On 9 December 2022, the Member States of the European Union, the European Parliament and the European Commission reached an agreement on the content of the proposal for an EU Batteries Regulation, put forward by the Commission almost two years ago. The European Parliament and the Council of the European Union must officially approve the regulation before it can enter into force. The aim is for this process to proceed promptly.
The Batteries Regulation will bring significant changes to the regulation of batteries and accumulators throughout their life cycle. The goal is to only bring durable and sustainably produced batteries and accumulators to the EU market in the future. The regulation speeds up the circular battery economy by introducing more stringent producer responsibility obligations.
During the negotiations, which lasted almost two years, both the European Parliament and the Member States presented several significantly divergent views regarding the Commission’s original proposal. The exact content of the regulation and the agreement achieved on 9 December is still unknown at this point.
However, the press releases published by the Ministry of the Environment, the European Parliament and the Council (see below for links to the press releases) hint at compromises and changes having been made to the Commission’s original proposal during the negotiations.
These compromises and changes are listed below.
The Batteries Regulation applies to all batteries, and new labelling and other requirements will be introduced later
- The regulation pertains to all batteries and accumulators, which will be divided into five categories in the future:
- Portable batteries and accumulators
- Batteries for light means of transport (LMT)
- Electric vehicle (EV) batteries
- Industrial batteries
- Starting, lighting and ignition (SLI) batteries
- Portable batteries and accumulators incorporated into appliances should be removable and replaceable by the end user 3.5 years after the entry into force of the regulation at the latest. Batteries for light means of transport must be replaceable by independent professionals.
- A carbon footprint declaration covering the entire life cycle of batteries and a digital Battery Passport will be obligatory not only for EV batteries and industrial batteries with a capacity of over 2 kWh but also for batteries for light means of transport, i.e. LMT batteries.
- The new labelling requirements will enter into force three years from the entry into force of the regulation, with the exception of the QR code to be marked on batteries, which will become obligatory after four years.
- By 2030, the Commission will assess whether to phase out the use of non-rechargeable portable batteries of general use.
Obligations concerning responsible battery production and the value chain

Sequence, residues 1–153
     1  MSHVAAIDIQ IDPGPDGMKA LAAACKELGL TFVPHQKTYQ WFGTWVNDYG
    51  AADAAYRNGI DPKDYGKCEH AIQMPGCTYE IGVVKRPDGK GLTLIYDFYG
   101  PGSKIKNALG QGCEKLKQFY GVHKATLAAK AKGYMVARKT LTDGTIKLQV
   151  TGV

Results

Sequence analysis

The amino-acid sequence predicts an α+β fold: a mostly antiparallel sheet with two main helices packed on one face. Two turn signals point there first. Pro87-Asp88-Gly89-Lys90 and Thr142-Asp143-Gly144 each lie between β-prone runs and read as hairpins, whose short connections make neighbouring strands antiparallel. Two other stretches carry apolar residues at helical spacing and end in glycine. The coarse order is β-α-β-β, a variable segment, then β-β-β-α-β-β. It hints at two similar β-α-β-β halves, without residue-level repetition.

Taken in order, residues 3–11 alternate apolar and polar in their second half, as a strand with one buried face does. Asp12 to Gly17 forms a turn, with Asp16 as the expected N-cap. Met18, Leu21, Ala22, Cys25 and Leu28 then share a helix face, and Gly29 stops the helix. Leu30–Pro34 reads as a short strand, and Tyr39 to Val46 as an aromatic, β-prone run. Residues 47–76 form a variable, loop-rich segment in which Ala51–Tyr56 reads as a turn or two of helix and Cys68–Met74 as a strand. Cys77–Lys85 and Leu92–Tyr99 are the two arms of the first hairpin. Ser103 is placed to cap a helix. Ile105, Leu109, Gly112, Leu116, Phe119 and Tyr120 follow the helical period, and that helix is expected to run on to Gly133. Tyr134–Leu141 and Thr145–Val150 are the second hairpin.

- All economic operators placing batteries on the EU market, except for SMEs, will be required to develop and implement a ‘due diligence policy’, consistent with international standards, to address the social and environmental risks linked to sourcing, processing and trading raw materials for batteries.
- The mandatory minimum levels of recycled content in new batteries will increase from the levels proposed by the Commission to the following:
- 16% for cobalt
- 85% for lead
- 6% for lithium
- 6% for nickel
- Documentation on the recycled content must also be delivered with the battery. Recycled raw materials include secondary raw materials obtained from both discarded batteries and manufacturing and consumer waste.
Collection and recycling rate targets will increase significantly
- The waste collection targets for portable batteries and accumulators will increase in stages as follows:
- The 63% collection target must be achieved by the end of 2027 (in 2021, the collection rate was 55%, read more about the current situation)
- The 73% collection target must be achieved by the end of 2030
- A new, dedicated collection rate requirement will be introduced for batteries for light means of transport (LMT), with the target increasing in stages:
- The 51% collection target must be achieved by the end of 2028
- The 61% collection target must be achieved by the end of 2031
- The recycling efficiency target for nickel-cadmium batteries was set higher than in the Commission’s proposal: 80% of their raw materials must be recycled by 2025.
- The lithium recovery targets were set higher than in the Commission’s proposal: the targets for recovering lithium from waste batteries through recycling processes are 50% by 2027 and 80% by 2031.
The regulation will be directly applicable in all Member States
The regulation will replace the current Battery Directive and constitute legislation directly applicable in all Member States once it enters into force. However, the agreement reached will leave some national leeway for the Member States with regard to actions concerning producer responsibility, among other things.
Recser Oy and Akkukierrätys Pb Oy have actively cooperated with the Ministry of the Environment and Members of the European Parliament throughout the consideration of the regulation and sought to ensure that the matters concerning producer responsibility will be taken into account properly in the consideration of the regulation. We will provide information on the progress of the approval process and the final content of the regulation as soon as such information is released.
Read more about the Commission’s proposal and its background in our articles:
This article is a part of the joint communications of the battery and accumulator producer organisations Recser Oy and Akkukierrätys Pb Oy concerning the EU Batteries Regulation.